Monday, April 1, 2013
Latest Review of The Azimuth Trilogy
I decided to wait until I’d read all three of these excellent books before reviewing, because I knew in advance that the threads of the first continue all the way through to the end of the third. Now, my memory of the first book is almost as a prelude to the other two.
There are two main stories in the trilogy: That of “the Magus”, a semi-historical, semi-mythical warrior/philosopher; and that of Kamil the historian, set centuries later in north Africa (but a long time before the present day). Throughout the book, the tale of the Magus is told by Kamil to Princess Sabiyah, the impetuous and fiery – yet sharply intelligent – heir to the throne.
In the first book, we get to know these and other principle players. As the history of the Magus’s youth unfolds, and his character is forged in fragments of history (each linked thematically to a Tarot card), Kamil and the princess become embroiled in dangerous politics and – of course – their own destinies begin to be affected by the Magus’s tale.
At first the reader may assume that Kamil’s is the “main” story, but as the first book nears it’s conclusion the legend of the Magus gathers pace and becomes gripping in it’s own right. However, I never felt that the changes between the two worlds were jarring or contrived – I was allowed to slip gracefully in and out of the different periods in history (or legend).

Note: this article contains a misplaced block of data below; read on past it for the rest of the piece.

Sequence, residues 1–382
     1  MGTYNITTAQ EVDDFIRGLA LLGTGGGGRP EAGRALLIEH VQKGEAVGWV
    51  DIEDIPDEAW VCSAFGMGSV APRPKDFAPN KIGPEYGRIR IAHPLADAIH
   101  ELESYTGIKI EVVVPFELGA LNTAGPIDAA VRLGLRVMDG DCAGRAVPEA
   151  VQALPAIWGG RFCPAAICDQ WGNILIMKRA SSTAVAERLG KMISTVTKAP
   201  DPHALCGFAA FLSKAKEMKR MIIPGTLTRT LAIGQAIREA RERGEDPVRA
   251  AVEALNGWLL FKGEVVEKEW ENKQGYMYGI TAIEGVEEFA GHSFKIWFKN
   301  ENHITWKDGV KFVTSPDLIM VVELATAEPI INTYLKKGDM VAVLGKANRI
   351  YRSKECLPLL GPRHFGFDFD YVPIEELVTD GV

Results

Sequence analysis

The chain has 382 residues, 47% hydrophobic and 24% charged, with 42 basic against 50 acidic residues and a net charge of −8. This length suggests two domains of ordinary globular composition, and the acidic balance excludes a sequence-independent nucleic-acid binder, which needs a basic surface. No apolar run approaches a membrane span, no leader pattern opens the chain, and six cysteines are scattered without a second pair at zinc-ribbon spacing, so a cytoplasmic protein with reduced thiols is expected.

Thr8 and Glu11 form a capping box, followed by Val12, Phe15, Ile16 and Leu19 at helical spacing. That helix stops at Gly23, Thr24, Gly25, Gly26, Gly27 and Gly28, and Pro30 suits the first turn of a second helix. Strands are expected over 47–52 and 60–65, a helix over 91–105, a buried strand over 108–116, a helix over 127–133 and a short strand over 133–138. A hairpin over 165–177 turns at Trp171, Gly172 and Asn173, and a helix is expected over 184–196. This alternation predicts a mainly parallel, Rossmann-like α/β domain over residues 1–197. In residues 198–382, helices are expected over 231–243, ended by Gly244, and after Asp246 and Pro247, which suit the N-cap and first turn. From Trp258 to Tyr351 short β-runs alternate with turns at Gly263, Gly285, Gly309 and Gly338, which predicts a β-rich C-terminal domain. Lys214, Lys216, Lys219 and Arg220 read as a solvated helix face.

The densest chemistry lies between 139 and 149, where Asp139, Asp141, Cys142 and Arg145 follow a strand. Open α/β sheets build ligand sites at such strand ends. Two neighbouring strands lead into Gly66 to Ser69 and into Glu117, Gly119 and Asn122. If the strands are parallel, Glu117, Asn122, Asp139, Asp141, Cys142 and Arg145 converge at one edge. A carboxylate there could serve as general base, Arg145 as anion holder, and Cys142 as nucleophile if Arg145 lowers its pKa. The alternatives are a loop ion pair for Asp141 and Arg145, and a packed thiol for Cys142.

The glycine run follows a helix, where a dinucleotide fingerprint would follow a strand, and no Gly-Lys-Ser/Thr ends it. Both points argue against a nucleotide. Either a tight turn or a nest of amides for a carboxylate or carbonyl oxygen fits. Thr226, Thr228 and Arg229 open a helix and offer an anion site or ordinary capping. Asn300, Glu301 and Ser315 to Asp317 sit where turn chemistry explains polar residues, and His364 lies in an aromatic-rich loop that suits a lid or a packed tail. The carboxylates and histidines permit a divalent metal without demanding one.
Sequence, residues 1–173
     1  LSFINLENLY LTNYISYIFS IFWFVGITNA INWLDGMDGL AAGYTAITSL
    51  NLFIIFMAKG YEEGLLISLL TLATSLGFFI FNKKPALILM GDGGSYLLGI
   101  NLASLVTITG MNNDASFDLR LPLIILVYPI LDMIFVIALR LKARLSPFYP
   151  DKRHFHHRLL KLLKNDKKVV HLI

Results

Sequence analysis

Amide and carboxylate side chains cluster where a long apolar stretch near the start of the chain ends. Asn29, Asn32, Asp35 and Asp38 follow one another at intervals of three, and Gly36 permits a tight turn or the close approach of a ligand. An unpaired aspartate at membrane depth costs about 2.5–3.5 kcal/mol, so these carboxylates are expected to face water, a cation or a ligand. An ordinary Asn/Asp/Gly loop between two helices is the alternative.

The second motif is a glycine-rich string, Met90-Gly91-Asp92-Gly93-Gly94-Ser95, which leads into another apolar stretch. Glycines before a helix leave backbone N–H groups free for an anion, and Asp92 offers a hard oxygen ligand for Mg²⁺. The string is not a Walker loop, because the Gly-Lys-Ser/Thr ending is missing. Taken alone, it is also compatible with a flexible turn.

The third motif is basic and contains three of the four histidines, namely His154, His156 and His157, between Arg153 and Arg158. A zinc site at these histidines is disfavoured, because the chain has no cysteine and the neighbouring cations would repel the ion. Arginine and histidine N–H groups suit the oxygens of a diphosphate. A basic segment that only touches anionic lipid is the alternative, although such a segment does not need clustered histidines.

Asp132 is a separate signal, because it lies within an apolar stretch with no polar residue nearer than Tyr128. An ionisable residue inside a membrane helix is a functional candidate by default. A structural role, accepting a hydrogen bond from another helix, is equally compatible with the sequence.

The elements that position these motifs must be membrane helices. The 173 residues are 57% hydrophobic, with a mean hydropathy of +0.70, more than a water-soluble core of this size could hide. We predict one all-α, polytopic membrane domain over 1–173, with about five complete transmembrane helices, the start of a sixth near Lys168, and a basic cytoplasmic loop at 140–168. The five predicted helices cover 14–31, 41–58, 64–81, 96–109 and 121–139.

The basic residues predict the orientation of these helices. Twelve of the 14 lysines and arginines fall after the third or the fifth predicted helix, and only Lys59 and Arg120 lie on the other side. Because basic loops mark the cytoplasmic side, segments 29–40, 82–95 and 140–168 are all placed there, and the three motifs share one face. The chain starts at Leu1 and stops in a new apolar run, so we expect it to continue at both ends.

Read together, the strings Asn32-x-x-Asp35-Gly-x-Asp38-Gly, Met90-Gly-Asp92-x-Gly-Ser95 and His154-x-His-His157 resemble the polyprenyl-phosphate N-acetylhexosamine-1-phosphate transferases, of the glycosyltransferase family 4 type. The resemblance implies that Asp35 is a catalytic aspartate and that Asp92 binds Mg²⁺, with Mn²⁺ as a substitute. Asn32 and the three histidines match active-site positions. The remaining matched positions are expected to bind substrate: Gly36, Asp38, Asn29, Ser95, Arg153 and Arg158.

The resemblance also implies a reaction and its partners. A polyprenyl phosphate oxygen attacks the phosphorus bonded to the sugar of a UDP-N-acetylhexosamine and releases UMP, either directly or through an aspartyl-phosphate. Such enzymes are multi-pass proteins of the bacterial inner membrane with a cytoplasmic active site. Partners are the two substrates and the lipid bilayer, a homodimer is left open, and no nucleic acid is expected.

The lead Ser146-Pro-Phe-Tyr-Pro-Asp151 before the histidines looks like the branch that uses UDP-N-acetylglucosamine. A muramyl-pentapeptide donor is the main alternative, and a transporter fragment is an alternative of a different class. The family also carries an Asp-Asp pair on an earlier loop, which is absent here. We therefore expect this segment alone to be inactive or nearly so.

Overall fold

In the second book, the Magus is now a man, and so his story becomes less fragmented, and has more direction and momentum; meanwhile a unique and fearsome enemy enters the lives of Kamil and Sabiyah. This new character’s terrifying exterior and malevolent intent are perhaps my most vivid memory of the whole trilogy, and events are set in motion which have repercussions right through to the startling double-conclusion of the third book.
All of the characters are dynamic, fascinating and occasionally shocking. The rotund and studious Kamil in particular is a delight, as he reluctantly becomes entangled in a sinister and complex plot.
Don’t make the mistake of thinking this is a “fantasy” novel. Rather it reads like a mix of history and legend. An “alternative history”, perhaps, which reminded me in places more of “Le Mort D’Arthur” than “Lord Of The Rings”, though with the concise descriptiveness of William Golding’s “The Inheritors”. As a result the trilogy has a timeless quality – it seems impossible that it could have been written at the dawn of the 21st century. This will surely become a classic.